On Friday, news broke that Hanjin had filed a Chapter 15 bankruptcy in New Jersey. A court hearing is possible as soon as Tuesday, but don’t expect the results to help shippers to a large extent. What is most likely is the bankruptcy court will enter an order that allows Hanjin to arrange the freeing of any ships seized in the U.S., the stay of any pending lawsuits against it, and the spending of money that will allow the company to make arrangements for any ships held out of port to dock and unload.  Shippers should not be surprised if the first port of call for these vessels is also the location where all the Hanjin cargo on the ship is unloaded, and they are left to fend for themselves to get the goods to destination (yes, that means possibly paying twice for the same freight move).

The FMC said on Friday it has established a protocol for shippers to use as they encounter issues with Hanjin cargo. Specifically, shippers should send an email to complaints@fmc.gov and state “URGENT—HANJIN SHIPPING” in the subject line. For more details about what should be included in any such complaint, see http://www.fmc.gov/NR16-18/?CategoryId=1. What exactly the FMC intends to do remains a mystery, other than try to negotiate resolutions. Past activity suggests the FMC has neither the staff needed nor the philosophical disposition to really come down on miscreants, so we can only hope the criticism it took for its lack of aggressive action during the West Coast dock strike will lead to forceful and timely action.

It is important to keep in mind that exactly what will happen with Hanjin cargo is driven in large measure by bankruptcy law, and in that context, the FMC has no say. Where it could do good for the maritime industry right now is in two key areas, besides having cautioned parties to not price gouge:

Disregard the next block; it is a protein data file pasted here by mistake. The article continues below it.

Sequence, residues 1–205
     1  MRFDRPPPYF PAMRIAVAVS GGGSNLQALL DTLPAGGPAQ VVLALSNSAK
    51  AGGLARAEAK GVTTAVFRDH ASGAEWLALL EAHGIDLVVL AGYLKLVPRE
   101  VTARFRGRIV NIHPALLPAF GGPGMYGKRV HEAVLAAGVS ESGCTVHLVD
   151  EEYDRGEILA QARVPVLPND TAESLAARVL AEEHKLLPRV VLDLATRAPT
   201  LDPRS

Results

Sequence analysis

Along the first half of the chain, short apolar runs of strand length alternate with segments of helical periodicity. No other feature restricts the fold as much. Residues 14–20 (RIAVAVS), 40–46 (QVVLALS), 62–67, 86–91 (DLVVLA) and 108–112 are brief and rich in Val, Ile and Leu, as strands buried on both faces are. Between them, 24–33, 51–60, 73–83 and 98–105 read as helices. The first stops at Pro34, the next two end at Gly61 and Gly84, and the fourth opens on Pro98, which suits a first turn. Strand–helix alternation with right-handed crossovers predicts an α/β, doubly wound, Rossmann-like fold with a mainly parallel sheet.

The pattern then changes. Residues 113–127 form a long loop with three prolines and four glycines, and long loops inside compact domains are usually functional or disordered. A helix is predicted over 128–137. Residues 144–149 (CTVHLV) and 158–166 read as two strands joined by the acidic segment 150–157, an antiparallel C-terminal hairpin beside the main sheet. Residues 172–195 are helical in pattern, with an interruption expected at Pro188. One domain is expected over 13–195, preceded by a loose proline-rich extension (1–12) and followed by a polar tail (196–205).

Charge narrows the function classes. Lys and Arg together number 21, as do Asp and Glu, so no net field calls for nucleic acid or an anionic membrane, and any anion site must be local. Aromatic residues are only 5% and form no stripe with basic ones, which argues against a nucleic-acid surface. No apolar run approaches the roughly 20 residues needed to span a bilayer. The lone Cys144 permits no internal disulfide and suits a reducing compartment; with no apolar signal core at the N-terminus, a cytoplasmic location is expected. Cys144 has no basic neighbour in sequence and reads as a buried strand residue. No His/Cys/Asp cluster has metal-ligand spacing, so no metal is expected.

1. For a great many NVOCCs, they are going to be faced with the difficult situation of having to pay money out to get goods released, that for perfectly legitimate customer service reasons, they do not want to collect from their customers.  However, not doing so could be seen as a violation of an NVOCCs tariff provisions.  As such, the FMC should declare as a matter of enforcement policy, it will not seek fines in these circumstances.
  2. What about the empties? Right now, there are many locations where they cannot be returned. The daily rate assessed for late returns is significant, especially when this goes on for weeks. Hanjin may say it is not going to charge that cost, but the company’s statements likely contradict the requirements of its tariff. As such, the bankruptcy trustee can be expected to eventually turn his/her attention to the revenue likely to be generated by empties and see a goodly amount of money which could be collected for the bankrupt estate. Surely, the FMC is in a position to protect the interests of the maritime community by jawboning a resolution across the country so this does not become a major headache many months down the road?

This situation is a mess for everyone, but do not expect those holding cargo to be willing to go into further debt in conjunction with Hanjin cargo. So, be smart about how you proceed. For tips on what to consider, please see the earlier blog post entitled Hanjin Sinks in Korea.